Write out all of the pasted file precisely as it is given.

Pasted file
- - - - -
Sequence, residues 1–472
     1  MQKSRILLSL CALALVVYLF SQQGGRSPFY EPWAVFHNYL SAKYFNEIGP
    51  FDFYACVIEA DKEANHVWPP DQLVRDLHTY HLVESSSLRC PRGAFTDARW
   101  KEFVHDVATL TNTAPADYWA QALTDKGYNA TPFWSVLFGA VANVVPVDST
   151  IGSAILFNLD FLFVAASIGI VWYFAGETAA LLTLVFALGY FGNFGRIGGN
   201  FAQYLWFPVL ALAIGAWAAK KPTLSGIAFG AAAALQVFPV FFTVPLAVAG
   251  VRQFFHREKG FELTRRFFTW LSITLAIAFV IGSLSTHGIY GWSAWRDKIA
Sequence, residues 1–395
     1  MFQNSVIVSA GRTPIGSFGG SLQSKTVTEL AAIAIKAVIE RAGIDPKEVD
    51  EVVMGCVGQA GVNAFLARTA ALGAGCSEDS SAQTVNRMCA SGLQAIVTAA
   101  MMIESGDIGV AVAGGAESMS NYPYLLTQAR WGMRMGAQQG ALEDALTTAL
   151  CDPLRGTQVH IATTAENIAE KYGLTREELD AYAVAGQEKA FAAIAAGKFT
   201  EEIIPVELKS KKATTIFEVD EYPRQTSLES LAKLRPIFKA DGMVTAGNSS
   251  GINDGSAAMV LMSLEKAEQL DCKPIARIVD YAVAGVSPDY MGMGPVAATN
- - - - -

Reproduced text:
Sequence, residues 1–472
     1  MQKSRILLSL CALALVVYLF SQQGGRSPFY EPWAVFHNYL SAKYFNEIGP
    51  FDFYACVIEA DKEANHVWPP DQLVRDLHTY HLVESSSLRC PRGAFTDARW
   101  KEFVHDVATL TNTAPADYWA QALTDKGYNA TPFWSVLFGA VANVVPVDST
   151  IGSAILFNLD FLFVAASIGI VWYFAGETAA LLTLVFALGY FGNFGRIGGN
   201  FAQYLWFPVL ALAIGAWAAK KPTLSGIAFG AAAALQVFPV FFTVPLAVAG
   251  VRQFFHREKG FELTRRFFTW LSITLAIAFV IGSLSTHGIY GWSAWRDKIA
Sequence, residues 1–395
     1  MFQNSVIVSA GRTPIGSFGG SLQSKTVTEL AAIAIKAVIE RAGIDPKEVD
    51  EVVMGCVGQA GVNAFLARTA ALGAGCSEDS SAQTVNRMCA SGLQAIVTAA
   101  MMIESGDIGV AVAGGAESMS NYPYLLTQAR WGMRMGAQQG ALEDALTTAL
   151  CDPLRGTQVH IATTAENIAE KYGLTREELD AYAVAGQEKA FAAIAAGKFT
   201  EEIIPVELKS KKATTIFEVD EYPRQTSLES LAKLRPIFKA DGMVTAGNSS
   251  GINDGSAAMV LMSLEKAEQL DCKPIARIVD YAVAGVSPDY MGMGPVAATN